Thomas Paine Goes Off the Rails

Thomas Paine, The Age of Reason:

“The Greeks were a learned people, but learning with them did not consist in speaking Greek, any more than in a Roman’s speaking Latin, or a Frenchman’s speaking French, or an Englishman’s speaking English. From what we know of the Greeks, it does not appear that they knew or studied any language but their own, and this was one cause of their becoming so learned: it afforded them more time to apply themselves to better studies. The schools of the Greeks were schools of science and philosophy, and not of languages; and it is in the knowledge of the things that science and philosophy teach, that learning consists.

Almost all the scientific learning that now exists came to us from the Greeks, or the people who spoke the Greek language. It, therefore, became necessary for the people of other nations who spoke a different language that some among them should learn the Greek language, in order that the learning the Greeks had, might be made known in those nations, by translating the Greek books of science and philosophy into the mother tongue of each nation.

The study, therefore, of the Greek language (and in the same manner for the Latin) was no other than the drudgery business of a linguist; and the language thus obtained, was no other than the means, as it were the tools, employed to obtain the learning the Greeks had. It made no part of the learning itself, and was so distinct from it, as to make it exceedingly probable that the persons who had studied Greek sufficiently to translate those works, such, for instance, as Euclid’s Elements, did not understand any of the learning the works contained.”

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2 thoughts on “Thomas Paine Goes Off the Rails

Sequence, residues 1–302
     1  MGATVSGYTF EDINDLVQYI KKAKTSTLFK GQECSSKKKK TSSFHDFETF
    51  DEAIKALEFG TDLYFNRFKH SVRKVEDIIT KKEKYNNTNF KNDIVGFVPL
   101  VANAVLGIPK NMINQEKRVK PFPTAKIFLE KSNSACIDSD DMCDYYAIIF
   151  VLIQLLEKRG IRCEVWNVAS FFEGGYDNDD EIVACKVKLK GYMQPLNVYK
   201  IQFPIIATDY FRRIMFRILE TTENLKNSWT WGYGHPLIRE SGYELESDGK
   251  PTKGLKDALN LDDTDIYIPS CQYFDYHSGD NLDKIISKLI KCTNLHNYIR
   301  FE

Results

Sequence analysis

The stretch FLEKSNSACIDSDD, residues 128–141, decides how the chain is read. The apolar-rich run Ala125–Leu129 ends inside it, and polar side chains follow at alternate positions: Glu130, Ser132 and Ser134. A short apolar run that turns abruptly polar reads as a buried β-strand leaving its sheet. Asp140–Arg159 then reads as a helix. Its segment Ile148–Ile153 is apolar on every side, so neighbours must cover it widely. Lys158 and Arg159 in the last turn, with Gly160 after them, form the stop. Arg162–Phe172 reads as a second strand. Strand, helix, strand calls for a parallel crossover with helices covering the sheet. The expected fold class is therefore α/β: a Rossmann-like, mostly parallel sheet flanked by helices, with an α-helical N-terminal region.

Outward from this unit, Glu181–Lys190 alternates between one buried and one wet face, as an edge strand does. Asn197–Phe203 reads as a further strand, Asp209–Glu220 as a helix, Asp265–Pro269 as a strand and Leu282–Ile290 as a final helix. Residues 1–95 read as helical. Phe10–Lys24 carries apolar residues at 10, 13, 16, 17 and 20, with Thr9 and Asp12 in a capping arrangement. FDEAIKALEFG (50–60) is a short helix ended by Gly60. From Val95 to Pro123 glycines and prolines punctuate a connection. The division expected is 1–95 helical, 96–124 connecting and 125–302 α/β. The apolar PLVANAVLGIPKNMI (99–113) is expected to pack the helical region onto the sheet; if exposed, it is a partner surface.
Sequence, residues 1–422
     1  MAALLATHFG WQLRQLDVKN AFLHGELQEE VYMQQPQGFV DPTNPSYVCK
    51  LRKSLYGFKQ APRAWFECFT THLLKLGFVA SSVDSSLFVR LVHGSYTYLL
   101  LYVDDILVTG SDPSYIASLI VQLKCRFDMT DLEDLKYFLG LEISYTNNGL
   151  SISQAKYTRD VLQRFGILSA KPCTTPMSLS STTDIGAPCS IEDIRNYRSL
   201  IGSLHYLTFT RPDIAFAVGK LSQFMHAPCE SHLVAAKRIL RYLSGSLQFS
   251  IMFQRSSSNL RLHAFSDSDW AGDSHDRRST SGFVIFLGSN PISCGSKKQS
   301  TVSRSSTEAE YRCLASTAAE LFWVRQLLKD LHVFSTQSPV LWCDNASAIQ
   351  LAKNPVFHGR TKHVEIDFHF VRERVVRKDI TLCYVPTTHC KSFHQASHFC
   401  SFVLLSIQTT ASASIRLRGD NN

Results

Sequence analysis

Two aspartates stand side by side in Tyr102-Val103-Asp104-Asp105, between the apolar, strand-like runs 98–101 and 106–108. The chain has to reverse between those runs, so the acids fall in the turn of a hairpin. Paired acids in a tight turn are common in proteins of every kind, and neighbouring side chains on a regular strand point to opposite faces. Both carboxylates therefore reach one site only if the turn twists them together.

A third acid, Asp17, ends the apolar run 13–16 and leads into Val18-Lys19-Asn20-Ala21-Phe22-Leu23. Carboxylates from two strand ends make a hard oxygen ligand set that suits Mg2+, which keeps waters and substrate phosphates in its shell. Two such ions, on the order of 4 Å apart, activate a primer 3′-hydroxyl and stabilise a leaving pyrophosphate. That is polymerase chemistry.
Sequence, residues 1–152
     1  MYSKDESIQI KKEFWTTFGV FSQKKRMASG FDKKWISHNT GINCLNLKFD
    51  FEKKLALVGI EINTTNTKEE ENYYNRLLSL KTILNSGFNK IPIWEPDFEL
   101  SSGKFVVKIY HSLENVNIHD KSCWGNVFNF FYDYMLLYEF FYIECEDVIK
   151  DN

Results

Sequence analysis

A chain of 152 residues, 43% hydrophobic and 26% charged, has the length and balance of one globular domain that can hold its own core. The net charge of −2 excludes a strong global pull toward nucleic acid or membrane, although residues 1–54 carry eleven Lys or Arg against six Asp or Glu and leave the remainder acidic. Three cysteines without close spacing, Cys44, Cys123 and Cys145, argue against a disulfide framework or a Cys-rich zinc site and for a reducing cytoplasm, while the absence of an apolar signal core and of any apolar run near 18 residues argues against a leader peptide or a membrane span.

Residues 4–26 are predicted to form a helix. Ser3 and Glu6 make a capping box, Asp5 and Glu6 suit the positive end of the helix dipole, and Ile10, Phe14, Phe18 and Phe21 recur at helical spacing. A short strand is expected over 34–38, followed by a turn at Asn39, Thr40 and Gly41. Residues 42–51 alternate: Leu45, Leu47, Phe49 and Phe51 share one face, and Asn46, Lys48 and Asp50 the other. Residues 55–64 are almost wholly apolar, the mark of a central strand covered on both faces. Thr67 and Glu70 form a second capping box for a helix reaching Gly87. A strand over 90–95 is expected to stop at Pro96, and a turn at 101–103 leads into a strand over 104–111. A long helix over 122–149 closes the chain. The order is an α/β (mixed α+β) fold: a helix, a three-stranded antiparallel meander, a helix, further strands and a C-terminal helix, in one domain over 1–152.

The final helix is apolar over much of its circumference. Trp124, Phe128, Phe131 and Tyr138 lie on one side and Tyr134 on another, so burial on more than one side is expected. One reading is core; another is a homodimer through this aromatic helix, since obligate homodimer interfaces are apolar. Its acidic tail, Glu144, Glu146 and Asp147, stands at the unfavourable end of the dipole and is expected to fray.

1. Egads! I am glad the scientists and economists at my school didn’t have Thomas Paine at hand when trying to argue against preserving the language requirement. Ironically, their arguments were undone by their linguistic limitations…

    But this is quite the doozy of a passage.

    1. It is! It also shows the narrow limits of the supposedly broad Classical education which the founders possessed. It’s clear that Paine had no conception of the type of verbal scholarship which really only began to flourish after Plato/Aristotle, and came into its own beginning in the 3rd century. Among the famous Alexandrian librarians, Eratosthenes was the only one who was *that* concerned with science. He even ignores more trivial points, as for example some of the discurses in Herodotus in which non-Greek words are the central focus of an anecdote, such as the story in which the first word spoken by the infant raised in linguistic isolation was ‘bekos’, the Phrygian word for bread.

      Anyway, this passage is also a clear counterpoint to those who think that selective citation of the classics for pamphleteering purposes is a purely modern vice. It’s been going on for a while! The interesting irony is the *use* of classical exempla to discredit classical education.

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